Single-agent gemcitabine versus cisplatin-etoposide: Early results of a randomised phase II study in locally advanced or metastatic non-small-cell lung cancer

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Original article

Single-agent gemcitabine versus cisplatin-etoposide: Early results of a

randomised phase II study in locally advanced or metastatic non-small-cell

lung cancer

C. Manegold,


B. Bergman,


A. Chemaissani,


W. Dornoff,


P. Drings,





K. Liippo, K. Mattson,


I v. Pawel,


S. Ricci,


C. Sederholm,


R. A. Stahel,


G. Wagenius,


N. v. Walree


& W. ten Bokkel-Huinink


]Thoraxklimk Heidelberg, Germany, 2Salgrenska Sjukhuset, Goteborg, Sweden; 3Stadtisches Krankenhaus Kdln-Merheim; 4Mutterhaus der

Borromaerinnen, Trier, Germany, iTampere University Hospital, Pmkonhnna; 6Turku University Hospital, Paimio, ' University Hospital, Helsinki, Finland; ^Zentralkrankenhaus Gautmg, Germany; 9S. Chiara Hospital Pisa, Italy; l0Umversitets Sjukhuset, Linkoping, Sweden,

"UmversitStss-pital Zurich, Switzerland; '2Akademstka Sjukhuset, Uppsala, Sweden, 13Sint Antomus Ziekenhuis Nieuwegein; ^Netherlands Cancer Institute,

Amsterdam, The Netherlands


Background: This randomised study was designed to

deter-mine the response rate, survival and toxicity of single-agent

gemcitabine and cisplatin-etoposide in chemo-naive patients

with locally advanced or metastatic non-small-cell lung cancer.

Patients and methods: Gemcitabine 1,000 mg/m

2 was given

as a 30 min intravenous infusion on days 1, 8, 15 of a 28-day

cycle, cisplatin 100 mg/m


on day 1, and etoposide 100 mg/m


on days 1 (following cisplatin), 2 and 3. Major eligibility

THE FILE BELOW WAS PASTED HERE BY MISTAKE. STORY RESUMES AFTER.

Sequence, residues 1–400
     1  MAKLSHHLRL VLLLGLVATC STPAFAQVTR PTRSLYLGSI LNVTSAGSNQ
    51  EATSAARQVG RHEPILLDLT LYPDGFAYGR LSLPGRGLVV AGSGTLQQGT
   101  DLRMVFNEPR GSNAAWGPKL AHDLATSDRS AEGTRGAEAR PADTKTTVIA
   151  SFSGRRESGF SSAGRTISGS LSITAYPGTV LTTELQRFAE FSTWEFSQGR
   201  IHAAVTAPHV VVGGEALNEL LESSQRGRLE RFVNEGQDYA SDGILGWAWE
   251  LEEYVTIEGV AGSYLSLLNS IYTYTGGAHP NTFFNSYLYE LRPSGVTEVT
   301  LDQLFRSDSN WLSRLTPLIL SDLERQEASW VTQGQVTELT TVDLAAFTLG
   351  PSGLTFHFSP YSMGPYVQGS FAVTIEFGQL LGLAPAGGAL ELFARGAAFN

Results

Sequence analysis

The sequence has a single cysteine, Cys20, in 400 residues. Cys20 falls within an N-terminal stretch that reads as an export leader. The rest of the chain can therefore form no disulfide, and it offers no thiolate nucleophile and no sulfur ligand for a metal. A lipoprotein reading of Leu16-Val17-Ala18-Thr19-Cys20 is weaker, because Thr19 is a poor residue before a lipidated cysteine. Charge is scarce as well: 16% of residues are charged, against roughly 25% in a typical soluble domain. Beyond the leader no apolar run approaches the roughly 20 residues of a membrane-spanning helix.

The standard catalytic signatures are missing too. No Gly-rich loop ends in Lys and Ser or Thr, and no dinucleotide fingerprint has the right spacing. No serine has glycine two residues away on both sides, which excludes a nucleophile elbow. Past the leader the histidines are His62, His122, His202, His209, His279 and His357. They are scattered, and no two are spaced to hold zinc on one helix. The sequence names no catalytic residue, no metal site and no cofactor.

criteria included histologically confirmed non-small-cell lung

cancer, measurable disease, Zubrod PS 0-2; no prior

chemo-therapy, no prior radiation of the measured lesion, and no

CNS metastases.

Results: 146 patients were enrolled, 71 patients on

gemcita-bine and 75 patients on cisplatin-etoposide. Patient

character-istics were well matched across both arms. Sixty-six

gemcita-bine patients and 72 cisplatin-etoposide patients were

evalu-able. Partial responses were seen in 12 gemcitabine patients

(18.2%; 95% CI: 9.8-30) and 11 cisplatin-etoposide patients

(15.3%; 95% CI: 7.9-25.7). Early indications show no statistical

differences between the two treatments with respect to time to

disease progression or survival. Haematological and

labora-tory toxicity were moderate and manageable. However,

hos-pitalisation because of neutropenic fever was required for 6

(8%) cisplatin-etoposide patients but not for any gemcitabine

patients. Non-haematological toxicity was more pronounced

with significant differences in nausea and vomiting (grade 3

and 4: 11% gemcitabine vs. 29% cisplatin-etoposide; despite

the allowance for 5-HT


antiemetics during the first cycle of

cisplatin-etoposide), and alopecia (grade 3 and 4: 3%

gemcita-bine vs. 62% cisplatin-etoposide).

Conclusions: In this randomised study, single-agent

gem-citabine was at least as active but better tolerated than the

combination cisplatin-etoposide.